Determining Compensation and Employee Performance


Businesses have always found themselves in a difficult position regarding compensation and employee performance. Without adequate compensation, businesses can't attract or retain top talent, which ultimately decreases overall company productivity and income. On the other hand, offering high amounts of compensation hasn't been shown to increase worker productivity. When navigating the waters of employee compensation and employee performance, keep these topics in mind to develop an employee compensation package that ensures employees are both happy and productive. 


More Than Just Salary

Many businesses look solely at salary when determining compensation and employee performance. While salary does play a role in an employee's compensation, it isn't the totality of that package. Benefits such as health insurance and retirement matching play a large role in employee engagement and productivity. An employee who loves to travel may choose a position that offers telecommuting over a higher paying position for the opportunity to travel more, while an employee with a large family may prefer more inclusive health insurance benefits over a higher per hour rate. When measuring compensation and employee performance, businesses need to look beyond the dollar per hour breakdown in pay to determine their total compensation.


Pay for Performance 

The Glasgow Caledonian University research center found increasing salary doesn't correlate to an increase in productivity and businesses that solely offer high salaries don't get that capital back through productivity. With this in mind, some businesses have implemented a "pay for performance" system that rewards top performers while still providing an adequate wage for mid-range performers. This system also keeps employee engagement high by giving employees some control over their compensation. Unfortunately, this system is difficult to enact in some industries or divisions fairly and implementing an unfair pay for performance program decreases employee satisfaction. When determining whether to use a pay for performance plan, businesses need to take care to implement the plan equally across the organization.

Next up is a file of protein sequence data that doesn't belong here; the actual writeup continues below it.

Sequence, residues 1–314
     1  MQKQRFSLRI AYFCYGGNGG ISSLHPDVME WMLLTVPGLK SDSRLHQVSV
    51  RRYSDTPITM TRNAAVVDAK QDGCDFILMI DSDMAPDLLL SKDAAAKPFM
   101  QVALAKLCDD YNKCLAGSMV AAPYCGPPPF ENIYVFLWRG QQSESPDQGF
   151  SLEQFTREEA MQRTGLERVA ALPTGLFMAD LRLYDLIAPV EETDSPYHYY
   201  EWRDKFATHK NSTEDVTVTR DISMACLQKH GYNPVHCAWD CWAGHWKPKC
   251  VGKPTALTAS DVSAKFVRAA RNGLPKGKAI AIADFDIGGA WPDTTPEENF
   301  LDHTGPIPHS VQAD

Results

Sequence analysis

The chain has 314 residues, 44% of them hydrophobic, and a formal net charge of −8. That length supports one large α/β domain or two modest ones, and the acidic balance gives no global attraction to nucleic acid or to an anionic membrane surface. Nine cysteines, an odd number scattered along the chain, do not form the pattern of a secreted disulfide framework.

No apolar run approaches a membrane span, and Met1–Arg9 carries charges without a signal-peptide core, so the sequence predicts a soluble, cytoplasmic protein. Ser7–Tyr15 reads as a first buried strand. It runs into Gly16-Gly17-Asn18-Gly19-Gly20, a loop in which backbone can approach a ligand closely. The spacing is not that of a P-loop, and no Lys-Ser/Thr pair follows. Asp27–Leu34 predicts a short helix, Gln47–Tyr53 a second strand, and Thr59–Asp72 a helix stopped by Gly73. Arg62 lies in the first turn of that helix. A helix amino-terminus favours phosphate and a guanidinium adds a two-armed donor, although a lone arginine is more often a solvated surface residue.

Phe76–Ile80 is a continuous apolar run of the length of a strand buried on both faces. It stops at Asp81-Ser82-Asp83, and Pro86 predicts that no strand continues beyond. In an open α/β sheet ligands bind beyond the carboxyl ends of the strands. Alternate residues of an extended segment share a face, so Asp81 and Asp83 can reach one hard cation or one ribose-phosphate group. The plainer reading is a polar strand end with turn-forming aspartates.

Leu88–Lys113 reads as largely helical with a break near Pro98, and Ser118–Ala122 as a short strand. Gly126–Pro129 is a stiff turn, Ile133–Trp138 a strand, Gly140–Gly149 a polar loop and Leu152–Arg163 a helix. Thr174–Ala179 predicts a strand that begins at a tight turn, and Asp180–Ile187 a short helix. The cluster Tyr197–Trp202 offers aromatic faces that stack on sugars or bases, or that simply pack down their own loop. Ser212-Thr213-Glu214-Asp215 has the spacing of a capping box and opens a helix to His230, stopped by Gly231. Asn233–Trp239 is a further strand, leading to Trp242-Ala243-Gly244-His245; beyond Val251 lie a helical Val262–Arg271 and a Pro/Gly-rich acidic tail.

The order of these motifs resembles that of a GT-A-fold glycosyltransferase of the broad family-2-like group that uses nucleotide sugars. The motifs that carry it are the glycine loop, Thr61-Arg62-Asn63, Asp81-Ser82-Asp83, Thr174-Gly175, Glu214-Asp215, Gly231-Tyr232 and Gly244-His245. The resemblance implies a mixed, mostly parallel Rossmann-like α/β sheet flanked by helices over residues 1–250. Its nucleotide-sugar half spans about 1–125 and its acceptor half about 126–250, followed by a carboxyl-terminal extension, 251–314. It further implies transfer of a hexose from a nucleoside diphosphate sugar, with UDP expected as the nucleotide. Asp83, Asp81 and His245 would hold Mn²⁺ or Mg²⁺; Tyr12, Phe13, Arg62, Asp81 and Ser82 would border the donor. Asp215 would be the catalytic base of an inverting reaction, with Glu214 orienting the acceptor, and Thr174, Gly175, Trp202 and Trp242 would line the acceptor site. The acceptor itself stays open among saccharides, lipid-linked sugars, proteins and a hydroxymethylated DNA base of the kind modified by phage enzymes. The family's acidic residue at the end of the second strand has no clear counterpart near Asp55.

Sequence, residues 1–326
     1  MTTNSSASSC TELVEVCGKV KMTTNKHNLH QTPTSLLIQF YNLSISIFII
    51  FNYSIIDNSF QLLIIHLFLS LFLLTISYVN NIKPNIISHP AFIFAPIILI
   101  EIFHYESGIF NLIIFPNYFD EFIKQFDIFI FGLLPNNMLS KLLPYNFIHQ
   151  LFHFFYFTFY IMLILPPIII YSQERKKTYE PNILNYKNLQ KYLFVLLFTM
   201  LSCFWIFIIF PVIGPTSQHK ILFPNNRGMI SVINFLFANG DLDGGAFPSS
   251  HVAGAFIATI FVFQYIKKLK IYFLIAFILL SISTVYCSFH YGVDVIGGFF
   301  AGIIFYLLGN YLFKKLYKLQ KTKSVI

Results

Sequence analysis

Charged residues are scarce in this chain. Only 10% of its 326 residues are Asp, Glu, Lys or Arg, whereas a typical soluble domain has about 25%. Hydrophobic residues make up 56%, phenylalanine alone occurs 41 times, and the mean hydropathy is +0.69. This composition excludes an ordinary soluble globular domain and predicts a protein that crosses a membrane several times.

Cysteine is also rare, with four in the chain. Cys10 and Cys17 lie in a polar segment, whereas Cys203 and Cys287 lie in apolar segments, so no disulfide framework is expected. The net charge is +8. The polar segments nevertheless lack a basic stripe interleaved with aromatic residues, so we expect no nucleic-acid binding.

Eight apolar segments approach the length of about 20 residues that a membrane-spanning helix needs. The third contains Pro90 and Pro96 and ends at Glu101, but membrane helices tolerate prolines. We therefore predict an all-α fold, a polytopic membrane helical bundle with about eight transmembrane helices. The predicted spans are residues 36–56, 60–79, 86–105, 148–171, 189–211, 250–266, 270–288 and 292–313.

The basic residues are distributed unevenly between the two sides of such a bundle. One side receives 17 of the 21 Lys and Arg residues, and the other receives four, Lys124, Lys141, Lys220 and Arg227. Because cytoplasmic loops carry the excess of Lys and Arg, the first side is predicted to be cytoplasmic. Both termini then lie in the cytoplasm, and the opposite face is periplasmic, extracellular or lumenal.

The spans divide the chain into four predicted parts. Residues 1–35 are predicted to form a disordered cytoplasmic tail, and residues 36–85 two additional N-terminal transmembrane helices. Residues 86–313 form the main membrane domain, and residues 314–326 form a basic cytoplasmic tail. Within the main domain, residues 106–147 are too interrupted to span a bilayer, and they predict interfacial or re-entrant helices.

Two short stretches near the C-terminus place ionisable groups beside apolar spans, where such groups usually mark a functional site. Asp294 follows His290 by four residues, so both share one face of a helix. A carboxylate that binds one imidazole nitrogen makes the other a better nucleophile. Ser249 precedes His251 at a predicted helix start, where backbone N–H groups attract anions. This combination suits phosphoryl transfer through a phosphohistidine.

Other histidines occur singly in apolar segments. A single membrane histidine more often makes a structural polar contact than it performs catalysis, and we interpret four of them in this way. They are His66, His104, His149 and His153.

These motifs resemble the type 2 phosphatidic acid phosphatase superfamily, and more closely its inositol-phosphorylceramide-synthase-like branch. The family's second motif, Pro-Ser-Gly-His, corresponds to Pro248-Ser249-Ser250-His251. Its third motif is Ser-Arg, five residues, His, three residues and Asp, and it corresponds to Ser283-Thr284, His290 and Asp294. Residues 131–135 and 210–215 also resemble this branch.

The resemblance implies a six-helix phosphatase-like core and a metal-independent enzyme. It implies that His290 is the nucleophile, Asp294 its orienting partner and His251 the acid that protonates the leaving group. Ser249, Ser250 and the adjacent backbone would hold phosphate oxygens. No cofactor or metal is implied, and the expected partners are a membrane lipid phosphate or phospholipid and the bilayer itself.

Supplemental Benefit Programs

Unlike the pay for performance programs which reward employees monetarily, supplemental benefit programs increase productivity by offering employees additional benefits. A wellness plan or flexible scheduling plan for top producers requires less capital for implementation and can be applied company-wide. For example, many businesses have been forced to reduce health insurance benefits which decreases employee satisfaction and impacts productivity. A supplemental benefit program could make up that gap in coverage for employees that regularly go to the gym or maintain a healthy BMI. This increases productivity through employees using less sick days and also benefits employee health and happiness. Supplemental benefits programs are a low cost way for employers to increase employee productivity. 


Focus on Employee Value

While employee performance is in some ways linked to compensation, a greater amount of satisfaction and employee productivity is found in engagement. According to the Gallup State of the American Workplace, 18 percent of employees are actively disengaged in their job, costing employers between $450 and $550 billion in lost productivity. These employees cite harsh company policies and an inability to grow within the organization. These employees are biding their time to take new offers or reach retirement and actively negatively impact the employees around them. Companies that focus their efforts on employee satisfaction can naturally increase their productivity through engaged workers. 

The connection between employee compensation and productivity is more nuanced than it seems at first glance. While it's easy to dismiss the link through studies that state employee compensation doesn't impact productivity, a more thorough look at the issue reveals that businesses need to become more creative in addressing the balance between company productivity, employee benefits, and employee satisfaction.


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